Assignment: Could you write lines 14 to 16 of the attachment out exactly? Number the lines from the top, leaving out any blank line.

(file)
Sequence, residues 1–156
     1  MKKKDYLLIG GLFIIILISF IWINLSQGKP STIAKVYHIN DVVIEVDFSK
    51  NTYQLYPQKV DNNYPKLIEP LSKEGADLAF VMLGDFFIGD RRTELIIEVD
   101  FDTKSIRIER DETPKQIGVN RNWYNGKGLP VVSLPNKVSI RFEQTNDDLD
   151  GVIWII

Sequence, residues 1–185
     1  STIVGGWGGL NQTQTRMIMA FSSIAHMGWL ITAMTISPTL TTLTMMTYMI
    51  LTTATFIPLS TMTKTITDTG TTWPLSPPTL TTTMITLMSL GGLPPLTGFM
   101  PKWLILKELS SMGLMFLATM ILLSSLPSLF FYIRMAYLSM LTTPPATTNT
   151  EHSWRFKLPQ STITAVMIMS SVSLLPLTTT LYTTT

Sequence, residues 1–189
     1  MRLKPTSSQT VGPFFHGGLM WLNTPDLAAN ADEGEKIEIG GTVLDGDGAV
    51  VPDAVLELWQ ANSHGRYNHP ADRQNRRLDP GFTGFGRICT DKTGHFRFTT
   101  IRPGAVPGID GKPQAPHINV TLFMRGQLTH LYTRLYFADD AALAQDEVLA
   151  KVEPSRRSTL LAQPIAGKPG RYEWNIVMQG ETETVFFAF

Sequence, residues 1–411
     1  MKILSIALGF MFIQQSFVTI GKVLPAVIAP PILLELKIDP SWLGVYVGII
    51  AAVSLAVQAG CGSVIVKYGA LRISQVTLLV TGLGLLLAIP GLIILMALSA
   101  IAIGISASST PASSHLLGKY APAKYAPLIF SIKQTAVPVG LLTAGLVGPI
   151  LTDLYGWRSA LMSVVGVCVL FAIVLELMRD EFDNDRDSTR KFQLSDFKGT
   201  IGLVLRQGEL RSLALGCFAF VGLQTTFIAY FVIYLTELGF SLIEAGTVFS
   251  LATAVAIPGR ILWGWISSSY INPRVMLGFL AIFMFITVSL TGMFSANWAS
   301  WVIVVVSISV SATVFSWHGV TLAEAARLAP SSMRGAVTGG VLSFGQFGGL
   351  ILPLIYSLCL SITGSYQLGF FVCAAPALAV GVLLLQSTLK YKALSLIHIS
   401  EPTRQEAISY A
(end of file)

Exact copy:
   101  IRPGAVPGID GKPQAPHINV TLFMRGQLTH LYTRLYFADD AALAQDEVLA
   151  KVEPSRRSTL LAQPIAGKPG RYEWNIVMQG ETETVFFAF

Sequence, residues 1–411